The private smoking ban

People have been pretty easily sucked in to following the Government’s characterisation of the smoking ban as a ban on smoking in “public”. It is the converse: one may smoke and resmoke along the Queen’s highway, but not in a privately-owned restaurant.

One may smoke in a privately-owned home, indeed, one may smoke in a publicly-owned home, and many are known to do so. One may not smoke in a private members’ club, despite such premises being legally very similar to privately-owned dwellings (non-commercial, not enterable by members of the public in general). The reason is that private members’ clubs employee people, who could suffer from passive smoking, and the law turns on whether people are employed on the premises.

I used to think that the justification for this was that some people are thought to have no choice but to work in smoky premises (I used to live in a village west of Cambridge where the only place serving alcohol, being the only employer other than the Post Office and a pig farm, was a private members’ club). I’d thought this was some extension of the fallacy that since most people have no choice but to work, they have no choice but to work for a particular employer and cannot switch jobs. I now think it’s probably just that the Government wants more precedents for measures which prevent people from engaging in risky behaviour through their choice of employer.

It’s not clear how the home itself can ultimately be protected from these laws: I was working at home today, and had to put up with smoke coming in from builders next door. I should get together with my landlady and form a private members’ club.

There are preposterous libertarian arguments in favour of smoking cigarettes near other people, grounded in the respect we ought to have for personal autonomy. We can just ignore these as nicotine addicts are not autonomous individuals, but even if we take them seriously, we are faced with massive market failure: I have been asked “do you mind if I smoke” with oftenness and politeness. Never however have I been offered any consideration. If the passive smoking externality could be eliminated by market mechanisms, I can scarcely imagine that even our old friends and colleagues at the Pinochet Institute for the Reduction of Poverty would not like to see the homeless and other vulnerable souls becoming professional passive smokers when they could be doing something else with their time.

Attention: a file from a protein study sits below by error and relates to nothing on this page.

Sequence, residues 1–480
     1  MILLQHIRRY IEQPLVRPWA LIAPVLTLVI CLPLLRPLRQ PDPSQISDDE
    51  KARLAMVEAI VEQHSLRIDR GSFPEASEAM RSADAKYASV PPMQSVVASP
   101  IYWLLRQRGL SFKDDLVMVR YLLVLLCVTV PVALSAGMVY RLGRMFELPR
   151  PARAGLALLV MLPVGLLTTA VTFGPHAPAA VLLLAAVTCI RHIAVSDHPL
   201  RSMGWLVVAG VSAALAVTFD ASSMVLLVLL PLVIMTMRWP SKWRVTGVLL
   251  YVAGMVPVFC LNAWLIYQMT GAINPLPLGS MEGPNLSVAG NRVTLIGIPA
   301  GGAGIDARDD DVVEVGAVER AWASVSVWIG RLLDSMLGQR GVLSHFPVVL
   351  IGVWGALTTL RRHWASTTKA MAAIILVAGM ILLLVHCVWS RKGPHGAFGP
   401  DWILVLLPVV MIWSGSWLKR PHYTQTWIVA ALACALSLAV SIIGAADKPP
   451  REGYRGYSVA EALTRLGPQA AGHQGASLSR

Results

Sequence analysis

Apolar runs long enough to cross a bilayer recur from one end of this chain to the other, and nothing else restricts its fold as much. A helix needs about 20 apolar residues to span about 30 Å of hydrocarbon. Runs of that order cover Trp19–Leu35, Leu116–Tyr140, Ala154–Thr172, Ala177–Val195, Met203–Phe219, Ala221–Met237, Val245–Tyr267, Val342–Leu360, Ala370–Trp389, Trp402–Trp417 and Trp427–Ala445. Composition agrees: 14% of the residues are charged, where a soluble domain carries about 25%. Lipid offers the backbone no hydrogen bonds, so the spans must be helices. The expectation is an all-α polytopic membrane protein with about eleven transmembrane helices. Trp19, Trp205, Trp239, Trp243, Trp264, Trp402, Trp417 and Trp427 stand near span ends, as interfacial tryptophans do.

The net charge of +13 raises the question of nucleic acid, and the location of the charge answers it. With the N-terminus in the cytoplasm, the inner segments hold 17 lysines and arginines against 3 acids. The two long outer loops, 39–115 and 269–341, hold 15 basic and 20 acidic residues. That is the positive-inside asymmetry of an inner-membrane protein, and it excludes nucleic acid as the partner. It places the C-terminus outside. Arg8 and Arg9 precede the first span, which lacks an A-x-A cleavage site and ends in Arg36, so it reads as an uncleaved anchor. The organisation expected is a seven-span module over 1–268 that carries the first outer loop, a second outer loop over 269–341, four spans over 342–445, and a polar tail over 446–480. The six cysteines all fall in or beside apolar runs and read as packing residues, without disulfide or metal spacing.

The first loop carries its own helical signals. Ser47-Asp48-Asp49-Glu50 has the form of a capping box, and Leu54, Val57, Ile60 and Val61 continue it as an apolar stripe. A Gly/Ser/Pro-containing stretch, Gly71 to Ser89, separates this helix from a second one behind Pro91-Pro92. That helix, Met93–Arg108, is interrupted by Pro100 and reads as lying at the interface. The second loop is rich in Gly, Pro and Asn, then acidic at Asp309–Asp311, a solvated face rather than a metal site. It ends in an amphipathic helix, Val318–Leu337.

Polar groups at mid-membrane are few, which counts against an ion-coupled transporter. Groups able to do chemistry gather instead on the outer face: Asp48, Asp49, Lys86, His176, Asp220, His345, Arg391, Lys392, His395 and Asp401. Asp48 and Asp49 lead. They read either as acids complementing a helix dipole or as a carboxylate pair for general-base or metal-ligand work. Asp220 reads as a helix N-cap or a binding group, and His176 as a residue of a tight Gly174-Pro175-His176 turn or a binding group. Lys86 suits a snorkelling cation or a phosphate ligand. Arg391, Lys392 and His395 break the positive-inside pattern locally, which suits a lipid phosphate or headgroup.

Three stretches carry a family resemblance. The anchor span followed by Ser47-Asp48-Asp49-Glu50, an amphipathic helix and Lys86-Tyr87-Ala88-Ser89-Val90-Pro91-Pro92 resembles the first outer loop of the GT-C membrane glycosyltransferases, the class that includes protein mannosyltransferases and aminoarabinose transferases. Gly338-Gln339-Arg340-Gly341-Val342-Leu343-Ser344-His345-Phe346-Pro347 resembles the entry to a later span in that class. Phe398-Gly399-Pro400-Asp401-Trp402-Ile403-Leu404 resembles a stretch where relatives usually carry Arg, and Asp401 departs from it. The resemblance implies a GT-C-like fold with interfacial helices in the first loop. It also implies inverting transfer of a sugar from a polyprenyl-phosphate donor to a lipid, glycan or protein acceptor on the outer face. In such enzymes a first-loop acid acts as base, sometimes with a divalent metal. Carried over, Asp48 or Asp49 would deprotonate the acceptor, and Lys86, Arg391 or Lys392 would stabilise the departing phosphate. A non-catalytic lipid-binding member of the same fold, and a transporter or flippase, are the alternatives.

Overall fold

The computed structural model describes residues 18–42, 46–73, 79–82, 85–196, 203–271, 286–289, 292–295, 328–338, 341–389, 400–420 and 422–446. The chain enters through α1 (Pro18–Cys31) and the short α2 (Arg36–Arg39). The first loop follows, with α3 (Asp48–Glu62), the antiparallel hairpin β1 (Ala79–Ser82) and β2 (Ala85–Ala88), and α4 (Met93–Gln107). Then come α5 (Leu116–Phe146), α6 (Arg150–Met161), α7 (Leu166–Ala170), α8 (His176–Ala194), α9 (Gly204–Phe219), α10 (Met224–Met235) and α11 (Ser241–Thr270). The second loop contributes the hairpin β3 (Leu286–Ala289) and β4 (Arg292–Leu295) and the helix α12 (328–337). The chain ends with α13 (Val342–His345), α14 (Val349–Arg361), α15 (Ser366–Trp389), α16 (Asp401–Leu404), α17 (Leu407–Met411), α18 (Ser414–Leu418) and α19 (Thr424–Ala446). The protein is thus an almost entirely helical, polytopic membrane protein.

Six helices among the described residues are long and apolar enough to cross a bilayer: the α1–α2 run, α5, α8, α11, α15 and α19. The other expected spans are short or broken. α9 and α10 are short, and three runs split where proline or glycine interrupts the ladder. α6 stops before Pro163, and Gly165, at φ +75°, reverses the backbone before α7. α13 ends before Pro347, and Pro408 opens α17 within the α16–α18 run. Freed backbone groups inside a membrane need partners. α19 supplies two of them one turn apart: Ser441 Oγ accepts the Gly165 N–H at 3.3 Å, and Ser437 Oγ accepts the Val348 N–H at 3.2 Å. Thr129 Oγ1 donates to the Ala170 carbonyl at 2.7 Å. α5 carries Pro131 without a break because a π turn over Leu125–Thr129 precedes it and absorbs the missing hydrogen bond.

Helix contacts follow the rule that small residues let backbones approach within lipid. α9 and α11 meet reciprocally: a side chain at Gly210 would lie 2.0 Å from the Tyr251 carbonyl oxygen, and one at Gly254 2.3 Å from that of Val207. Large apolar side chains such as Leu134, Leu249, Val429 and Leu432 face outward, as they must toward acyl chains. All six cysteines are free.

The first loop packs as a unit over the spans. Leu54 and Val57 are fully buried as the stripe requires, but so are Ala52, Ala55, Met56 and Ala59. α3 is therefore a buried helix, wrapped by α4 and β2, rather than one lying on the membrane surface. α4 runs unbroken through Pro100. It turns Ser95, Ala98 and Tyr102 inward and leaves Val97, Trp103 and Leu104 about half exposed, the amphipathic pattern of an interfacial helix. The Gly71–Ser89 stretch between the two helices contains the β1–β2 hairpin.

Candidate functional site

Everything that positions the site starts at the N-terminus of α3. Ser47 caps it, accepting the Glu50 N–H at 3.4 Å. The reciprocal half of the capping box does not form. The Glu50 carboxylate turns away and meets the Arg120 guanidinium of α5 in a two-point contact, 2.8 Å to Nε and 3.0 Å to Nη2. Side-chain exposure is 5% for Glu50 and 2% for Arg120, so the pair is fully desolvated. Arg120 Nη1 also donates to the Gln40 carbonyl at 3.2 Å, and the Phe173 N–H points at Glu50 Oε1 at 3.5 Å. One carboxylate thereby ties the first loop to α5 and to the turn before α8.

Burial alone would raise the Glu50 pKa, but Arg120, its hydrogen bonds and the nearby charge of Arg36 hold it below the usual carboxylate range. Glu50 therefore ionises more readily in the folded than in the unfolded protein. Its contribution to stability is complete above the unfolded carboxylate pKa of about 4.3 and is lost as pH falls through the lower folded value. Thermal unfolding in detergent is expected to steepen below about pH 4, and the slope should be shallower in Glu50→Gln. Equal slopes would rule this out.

So, massive transaction costs (possibly alleviable by technology) inhibit the market in passive smoking easements. We also lack the technology to privatise the air. We are foredoomed to produce a socially non-optimal amount of tobacco smoke. The debate about the UK legislation was concentrated on the physical health effects of smoking, which is unfortunate as by far the most egregious externality is that smelling someone else’s cigarette when you don’t want to is bloody annoying. With not a little confidence may we adjudge the fragrance of cigar, pipe and apple tobacco much more agreeable than that of the Lucky Strike, though even the aromatic sublimity of a virgofemorally-rolled Monte Cristo is unwelcome to those ailed by asthma, sore throats, or jogging. It’s just rude. “Hello, I cannot control my cigarette addiction, so must it discomfort you as well”. If people want to annoy each other with fumes, they should buy some land big enough for fumes to dissipate before they annoy neighbours, and certainly keep their filth off the public highway.

This law encourages cigarette smoking in the privately-owned uncovered space outside pubs; there’s no fresh air inside a pub, and so there is no fresh air to be enjoyed in parts of London where pubs and stuffy cafés constitute the sole places where one may sit down.

The whole thing should be reversed: ban tobacco smoking on public land, and on land where it is likely thither to diffuse. Permit it in private, regardless of whether the premises are open to the public, frequented by people in the course of their employment or residential. At the very least, recharacterise the law as a “non-residential private smoking ban”.

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